You know the ones I mean: they’re either all talk and no development or, particularly with the free ones, a cheesy sales pitch - I personally believe that most of us know and accept that there will be a pitch - that’s not my issue. It’s when I’m expected to listen to their rags to riches story of how they went from zero to hero at the beginning, with the sales pitch at the end and so only 10 minutes of anything deemed useful, if that. Stop doing that. We all know what you’re doing and it stinks.
Full disclaimer: I facilitate lots of webinars and I know I can be pretty critical when I waste my time and often money attending bad ones. This isn't going to be some thinly veiled attempt to sell my webinar-wares; it'll probably be more of a rant, which I don’t particularly apologise for because I believe that in this day and age we deserve better.
If someone is calling themselves a learning expert, I perhaps wrongly assume that they should understand what good looks like before they foray into designing and delivering learning in any format. We know so much about how it all works and the benefits of engagement, involvement and participation in the learning process, not to mention the technology that we have available to us when it comes to the online side of things.
Whether you’re paying in time and/or money, there’s simply no excuse for it any more (was there ever an excuse?). Together we can banish these boring webinars by fulfilling our responsibility to provide honest feedback and being smarter and more aware of attending webinars that meet a few simple requirements.
My top 3 tips to look for from your next webinar:
1. ALL cameras on (and mics if possible)
We’re not all comfortable with this, I get that, so go with me for a second. I speak from experience when I say that it really does create a true virtual learning environment and eliminates so many limitations in connecting with the facilitator and the other participants. People may need a little time to get used to it and I have so much feedback on how it ultimately helped towards creating a much more engaging and valuable experience for people. Simple and cost effective technology exists to do this, it’s simply not being used widely enough. At the very least, look for a webinar where you will be able to see your facilitator, rather than staring at the usual bland deck of slides (don't get me started on slides).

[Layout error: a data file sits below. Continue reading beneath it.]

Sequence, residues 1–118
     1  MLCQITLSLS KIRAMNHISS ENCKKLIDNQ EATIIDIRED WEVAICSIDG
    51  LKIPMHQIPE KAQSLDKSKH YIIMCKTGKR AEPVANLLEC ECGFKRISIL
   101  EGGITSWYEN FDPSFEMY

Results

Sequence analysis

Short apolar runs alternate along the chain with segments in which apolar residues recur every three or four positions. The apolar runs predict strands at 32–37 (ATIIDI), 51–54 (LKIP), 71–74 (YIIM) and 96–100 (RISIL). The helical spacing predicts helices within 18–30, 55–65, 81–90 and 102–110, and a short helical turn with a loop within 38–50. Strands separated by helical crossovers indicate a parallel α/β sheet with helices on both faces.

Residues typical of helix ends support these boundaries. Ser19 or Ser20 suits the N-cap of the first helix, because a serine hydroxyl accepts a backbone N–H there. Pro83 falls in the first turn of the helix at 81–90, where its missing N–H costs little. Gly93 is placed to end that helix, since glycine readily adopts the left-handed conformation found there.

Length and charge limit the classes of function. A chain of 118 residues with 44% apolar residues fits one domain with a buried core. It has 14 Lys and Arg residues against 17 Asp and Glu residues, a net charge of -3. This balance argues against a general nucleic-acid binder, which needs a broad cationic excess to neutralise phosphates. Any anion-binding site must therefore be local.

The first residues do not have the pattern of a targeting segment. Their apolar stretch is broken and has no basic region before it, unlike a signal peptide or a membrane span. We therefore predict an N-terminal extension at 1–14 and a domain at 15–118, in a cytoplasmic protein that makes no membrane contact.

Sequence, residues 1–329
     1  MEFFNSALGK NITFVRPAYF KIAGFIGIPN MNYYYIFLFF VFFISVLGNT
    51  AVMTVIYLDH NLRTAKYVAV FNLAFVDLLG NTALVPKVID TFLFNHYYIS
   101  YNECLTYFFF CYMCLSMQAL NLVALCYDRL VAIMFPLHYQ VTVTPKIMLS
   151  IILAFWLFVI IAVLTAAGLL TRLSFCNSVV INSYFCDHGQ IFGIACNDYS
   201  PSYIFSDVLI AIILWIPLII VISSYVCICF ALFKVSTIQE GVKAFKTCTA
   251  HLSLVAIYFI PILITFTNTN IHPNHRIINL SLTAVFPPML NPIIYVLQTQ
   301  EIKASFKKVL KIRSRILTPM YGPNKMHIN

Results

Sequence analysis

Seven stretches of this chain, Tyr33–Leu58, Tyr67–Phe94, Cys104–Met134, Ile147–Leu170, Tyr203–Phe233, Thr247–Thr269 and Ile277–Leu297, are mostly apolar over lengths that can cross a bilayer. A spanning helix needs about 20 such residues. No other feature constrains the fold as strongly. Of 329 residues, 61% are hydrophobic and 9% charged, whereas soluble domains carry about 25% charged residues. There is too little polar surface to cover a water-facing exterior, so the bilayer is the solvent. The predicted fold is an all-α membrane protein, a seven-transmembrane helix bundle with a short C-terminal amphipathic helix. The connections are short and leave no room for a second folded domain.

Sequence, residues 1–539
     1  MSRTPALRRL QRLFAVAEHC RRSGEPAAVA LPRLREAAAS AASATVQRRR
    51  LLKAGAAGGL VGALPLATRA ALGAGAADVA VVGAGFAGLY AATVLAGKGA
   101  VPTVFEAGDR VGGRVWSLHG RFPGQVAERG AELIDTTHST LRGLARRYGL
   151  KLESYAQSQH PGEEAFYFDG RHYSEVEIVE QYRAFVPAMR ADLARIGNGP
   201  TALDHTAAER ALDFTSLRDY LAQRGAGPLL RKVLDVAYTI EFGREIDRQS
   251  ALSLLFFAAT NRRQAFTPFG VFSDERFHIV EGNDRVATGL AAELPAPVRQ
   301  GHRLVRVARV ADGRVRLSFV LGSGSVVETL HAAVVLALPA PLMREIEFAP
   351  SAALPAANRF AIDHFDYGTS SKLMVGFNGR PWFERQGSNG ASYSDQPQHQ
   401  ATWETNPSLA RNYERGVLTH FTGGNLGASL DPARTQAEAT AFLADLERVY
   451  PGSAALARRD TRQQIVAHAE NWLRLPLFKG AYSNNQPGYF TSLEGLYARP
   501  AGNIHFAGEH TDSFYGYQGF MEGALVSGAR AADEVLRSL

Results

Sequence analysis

2. Look for true facilitation
I recently attended a webinar where the 'facilitator' spent 90% of the time telling me and everyone else what they guessed was going on for us. In the same way as we wouldn’t accept sitting in a training room only to be talked at about only the ‘experts’ point of view, why should we put up with it online? Your facilitator should be exploring ideas, encouraging you to share and using a range of techniques to maintain your engagement so that they can help you to apply everything to your world.
3. Be involved (immediately)
It’s always an early warning sign for me when I still haven’t been asked to contribute anything other than “hello” within the first 15 minutes. I’m not shy in contributing even when not asked, but not everyone is comfortable or willing to do this. If you get a sense that you are just going to be read a deck of slides for 45 minutes, hang up!
Then remember to offer your feedback